Search Images Maps Play YouTube News Gmail Drive More »
Sign in
Screen reader users: click this link for accessible mode. Accessible mode has the same essential features but works better with your reader.


  1. Advanced Patent Search
Publication numberUS1956350 A
Publication typeGrant
Publication dateApr 24, 1934
Filing dateJan 19, 1934
Priority dateJan 19, 1934
Publication numberUS 1956350 A, US 1956350A, US-A-1956350, US1956350 A, US1956350A
InventorsHammond Laurens
Original AssigneeHammond Laurens
Export CitationBiBTeX, EndNote, RefMan
External Links: USPTO, USPTO Assignment, Espacenet
Electrical musical instrument
US 1956350 A
Abstract  available in
Previous page
Next page
Claims  available in
Description  (OCR text may contain errors)

Aprilv 1934- L. HAMMOND 1,956,350

ELECTRICAL MUSICAL INSTRUIENT Filed Jan. 19, 1934 18 Sheets-Sheet gra- April 24, 1934. 1.. HAMMOND ELECTRICAL lusIcAL ms'raulzu'r' Filed Jan. 19 1934 m mm QM whw Rm mun QQ m f l j w 1 F9 3 a mm L c QM. h Q wwm QRQ N %%N\ April 24, 1934. 1.. HAMMOND ELECTRICAL MUSICAL INST-RUIENT 3 J m m Nwm e m 7 4 w m Rw MN Nmw a 4 m W W %N% April 1934- HAMMOND 1,956,350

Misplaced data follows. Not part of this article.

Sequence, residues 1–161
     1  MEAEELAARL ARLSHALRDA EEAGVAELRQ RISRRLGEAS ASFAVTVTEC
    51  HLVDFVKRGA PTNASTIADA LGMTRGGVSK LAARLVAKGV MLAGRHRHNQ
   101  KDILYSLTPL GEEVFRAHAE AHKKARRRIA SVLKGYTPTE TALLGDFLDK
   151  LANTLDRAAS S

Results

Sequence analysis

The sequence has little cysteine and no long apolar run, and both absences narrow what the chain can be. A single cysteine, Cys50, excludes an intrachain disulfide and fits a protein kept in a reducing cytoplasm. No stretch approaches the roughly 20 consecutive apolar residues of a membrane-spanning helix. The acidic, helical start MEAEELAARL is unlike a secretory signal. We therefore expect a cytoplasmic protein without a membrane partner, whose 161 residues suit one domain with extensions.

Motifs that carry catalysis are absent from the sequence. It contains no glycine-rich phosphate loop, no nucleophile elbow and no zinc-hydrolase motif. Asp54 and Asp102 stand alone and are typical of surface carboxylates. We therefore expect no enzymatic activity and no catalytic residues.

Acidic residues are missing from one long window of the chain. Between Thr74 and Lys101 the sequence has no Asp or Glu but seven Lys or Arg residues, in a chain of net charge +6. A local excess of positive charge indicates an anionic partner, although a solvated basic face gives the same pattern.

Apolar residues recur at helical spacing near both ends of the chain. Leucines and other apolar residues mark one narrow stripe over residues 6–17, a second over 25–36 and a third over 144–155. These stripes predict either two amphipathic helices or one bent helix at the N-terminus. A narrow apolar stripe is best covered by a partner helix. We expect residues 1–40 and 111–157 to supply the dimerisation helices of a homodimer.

ELECTRICAL MUSICAL INSTRUMENT Fi-ledJan. 19, 1934 18 Sheets-Sheet 4 o N N N N N Q E4 2 Q A ril 24, 1934. L. HAMMOND ELECTRICAL MUSICAL INSTRUMENT Filed Jan. 19, 1934 18vSheetsSheet 5 www April 24, 1934. L. HAMMOND ELECTRICAL MUSICAL INSTRUIENT.

Filed Jan. 19, 1934 18 Sheets-Sheet s NQR QN WWW WNW NEW

Nww MW mwm WWW QR w ww a mu m mw m ww mm 9% wmw Q MW Nww \W WWW www was @NN BMW WNW.

April 24, 1934. 1.. HAMMOND H ELECTRICAL MUSICAL INSTRUIENT Filed Jan. 19, 1934 18 Sheets-Sheet 7 Filed Jan. 19, 1934 1a Sh'ets-Sheet 8 jam g f 3142 586 K3142 Q 4 fixazrezzs mozznf r I Q E {y %,)hadu m April 24, 1934.

L. HAMMOND ELECTRICAL MUSICAL INSTRUIENT Filed Jan. 19, 1934 .18 Sheets-Sheet 9 z w 6 0 2d 0 a 'IIIIIIIIIIIIIIIIIIIIIII =5 7 H .kzzfrxm acrezzs 1%] )mdu Zac

April 24, 1934. L. HAMMOND 1,956,350

ELECTRICAL MUSICAL INSTRUIEN'! Filed an. 19, 1934 18 Sheets-Sheet 1o i fidezaifi Laazrezzs fQM/ZUM Z629 1230 526 plig y j zf April 24, 1934. HAMMOND 1,955,350

I ELECTRICAL IUSICAL IN STRUK ENT Filed Jan. '19. 1934 I ls'sneets-sneet 11 2Z6 gr'g 660 673 6 7] 671 7.5

zazzrezasfimma i April 1934' L. HAMMOND 1,956,350

ELECTRICAL MUSICAL INSTRUIENT Filed Jan. 19, 1954 is Sheets-Sheet' 12 April 1934? L. HAMMOND: v 1,956,350

ELECTRICAL HUS ICAL INSTRUIBNT File'd Jan. 19. 1934 fishnets-sheet 1s JGZ April 24, 1934. L. HAMMOND 1,956,350

' ELECTRICAL MUSICAL ms'riwlfiu'r Filed Jan. 19. 1934 is Sheets-Sheet 14 gawafm 2%;

April 1934- L. HAMMOND 1,956,350

ELECTRICAL MUSICAL INSTRUIENT Filed Jan. 19, 1934 18 Sheets-Sheet 15 UPP R III/Ill April 24, 1934 L. HAMMOND 1,956,350

' ELECTRICAL MUSICAL INSTRUIBNT Filed Jan. 19, 1934 Sheets-Sheet 16 ix/6222212 @QIPZZSMJZJ A P 1934. L. HAMMOND 1,956,350

ELECTRICAL IUS ICAL IN STRUIEN'I' Filed Jan. 19, 1954 is Sheets-Sheet 11 72 ROTOR 5 sk m 3Q Patented Apr; 24,


1934, Serial No. 707,280 I Application January 19,

74 Claims.

duced by synthesis of the fundamental tone with J various proportions of its harmonics.